Silicone Edge Graphic (SEG) signs are a red-hot growth sector in the sign industry for several reasons. First, they look great aesthetically, with a thin, clean look. Textile prints give high-end, brilliant colors, and can be completely nonreflective, unlike rigid plastic or PVC banner media. SEG frames and textiles can be broken down and shipped at a fraction of the cost compared to rigid plastic sign media. Also, once the SEG frame is installed, the textile faces can be replaced quickly and easily without a highly skilled installer.
Typically, a SEG frame has two components: miter-cut aluminum frame side rails, and “L-brackets” for corner connectors. When assembled, the frame includes a slot around the perimeter that receives the textile sign face. Banner Ups (Booth 125) SEGDesign system is different. Instead of aluminum, it is made of strong ABS plastic. Our system includes a molded corner, so there is no need for miter cuts or corner brackets. The rails are straight cut, which makes the system easy to assemble by just snapping the corners and rails together. Also, if you need a custom size, the rails are easy to cut accurately, with any common saw. No miter cuts, and no aluminum.
A printed textile sign face may be created using dye-sublimation (direct and transfer), latex, and eco-solvent technology. Once printed, the textile must be finished by attaching a silicone or PVC cord called keder around the perimeter. This keder edge is tucked into the frame perimeter slot to tension the face into the frame. Traditionally, keder is sewn onto the edge of the textile media (after printing and trimming) with a very specialized sewing machine engineered specifically for this application. At Banner Ups, we introduced KederTape no-sew, peel-and-stick keder. No more sewing needed.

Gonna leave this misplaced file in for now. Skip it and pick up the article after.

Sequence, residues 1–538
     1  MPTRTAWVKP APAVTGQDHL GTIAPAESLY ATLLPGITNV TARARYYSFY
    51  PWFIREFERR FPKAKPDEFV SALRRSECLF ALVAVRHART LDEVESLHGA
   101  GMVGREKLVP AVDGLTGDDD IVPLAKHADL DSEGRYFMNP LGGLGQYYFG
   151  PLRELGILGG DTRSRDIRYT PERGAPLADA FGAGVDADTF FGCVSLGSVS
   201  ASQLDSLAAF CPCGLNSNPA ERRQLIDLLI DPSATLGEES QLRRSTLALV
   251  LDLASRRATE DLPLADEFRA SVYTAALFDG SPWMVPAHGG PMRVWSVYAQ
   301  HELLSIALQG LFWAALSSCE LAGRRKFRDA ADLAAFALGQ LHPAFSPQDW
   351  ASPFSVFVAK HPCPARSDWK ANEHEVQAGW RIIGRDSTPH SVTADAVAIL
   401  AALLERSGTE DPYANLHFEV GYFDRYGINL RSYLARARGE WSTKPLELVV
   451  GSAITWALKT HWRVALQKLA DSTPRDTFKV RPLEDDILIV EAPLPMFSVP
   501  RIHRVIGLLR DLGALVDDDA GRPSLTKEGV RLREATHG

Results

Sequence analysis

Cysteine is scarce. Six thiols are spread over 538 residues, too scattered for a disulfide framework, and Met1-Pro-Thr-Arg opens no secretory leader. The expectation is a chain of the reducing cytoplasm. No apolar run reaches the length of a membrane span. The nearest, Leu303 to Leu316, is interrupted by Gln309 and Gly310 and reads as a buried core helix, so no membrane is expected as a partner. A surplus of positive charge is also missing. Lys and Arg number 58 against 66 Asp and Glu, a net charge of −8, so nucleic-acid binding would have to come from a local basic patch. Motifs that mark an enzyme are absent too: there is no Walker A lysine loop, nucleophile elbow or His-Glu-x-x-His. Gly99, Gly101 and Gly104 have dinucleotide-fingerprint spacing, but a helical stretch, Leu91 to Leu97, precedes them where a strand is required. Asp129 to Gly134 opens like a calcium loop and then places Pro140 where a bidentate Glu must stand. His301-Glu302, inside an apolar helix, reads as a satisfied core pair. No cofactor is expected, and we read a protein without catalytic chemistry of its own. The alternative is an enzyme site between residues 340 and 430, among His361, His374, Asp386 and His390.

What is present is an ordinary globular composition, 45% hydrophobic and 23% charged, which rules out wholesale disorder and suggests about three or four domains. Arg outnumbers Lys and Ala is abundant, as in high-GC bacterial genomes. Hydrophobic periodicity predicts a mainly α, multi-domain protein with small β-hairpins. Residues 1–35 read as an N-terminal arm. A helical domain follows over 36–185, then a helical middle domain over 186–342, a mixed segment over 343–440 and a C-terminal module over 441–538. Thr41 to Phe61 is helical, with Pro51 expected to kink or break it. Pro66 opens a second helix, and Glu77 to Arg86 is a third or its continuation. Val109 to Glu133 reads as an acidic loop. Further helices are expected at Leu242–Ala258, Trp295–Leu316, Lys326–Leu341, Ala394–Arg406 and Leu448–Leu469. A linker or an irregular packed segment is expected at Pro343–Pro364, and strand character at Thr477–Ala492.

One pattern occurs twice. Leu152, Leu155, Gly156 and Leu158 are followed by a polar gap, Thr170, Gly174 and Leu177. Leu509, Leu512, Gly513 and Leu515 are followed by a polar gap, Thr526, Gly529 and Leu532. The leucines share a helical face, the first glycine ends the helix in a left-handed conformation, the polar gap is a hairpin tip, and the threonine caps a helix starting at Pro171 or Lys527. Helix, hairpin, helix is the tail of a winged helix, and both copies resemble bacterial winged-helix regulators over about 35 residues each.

A SEG sign is a precise system. The sign maker must be sure that the keder used matches the size of the slot in the frame. The most common keder sizes are 14x3 mm, 12x3 mm, and 1.5x12.5 mm in that order. They must also be sure to trim the print, and attach the keder precisely, as the proper tension of the final print depends on it. Too wide, and the print will be floppy. Too narrow, and the print will be too tight to install. Different media have different amounts of stretch, so the best approach is to work with a limited range of media, and practice a few times to dial in the method for your chosen media and frames.
The most important trend in SEG is what I call, “democratization.” In the past, SEG has been the province of only the largest, most sophisticated print houses. This is because the frames were not easy to source from the typical sign supply distributors. But now, with the advances in printing technology, frames, and media, any sign shop or digital printer can play. We offer step-by-step video instructions to show our SEGDesign users exactly how to do it (available at bannerups.com/segdesign). It has never been easier to make SEG signs. They are beautiful and profitable. Now is the time to jump in!